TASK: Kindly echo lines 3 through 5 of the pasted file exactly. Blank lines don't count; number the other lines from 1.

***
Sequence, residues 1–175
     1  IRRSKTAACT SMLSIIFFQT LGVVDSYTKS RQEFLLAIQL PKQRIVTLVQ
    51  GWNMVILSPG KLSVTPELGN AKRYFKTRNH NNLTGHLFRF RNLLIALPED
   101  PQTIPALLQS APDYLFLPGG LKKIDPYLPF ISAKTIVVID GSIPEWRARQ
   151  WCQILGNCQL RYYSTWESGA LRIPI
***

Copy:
    51  GWNMVILSPG KLSVTPELGN AKRYFKTRNH NNLTGHLFRF RNLLIALPED
   101  PQTIPALLQS APDYLFLPGG LKKIDPYLPF ISAKTIVVID GSIPEWRARQ
   151  WCQILGNCQL RYYSTWESGA LRIPI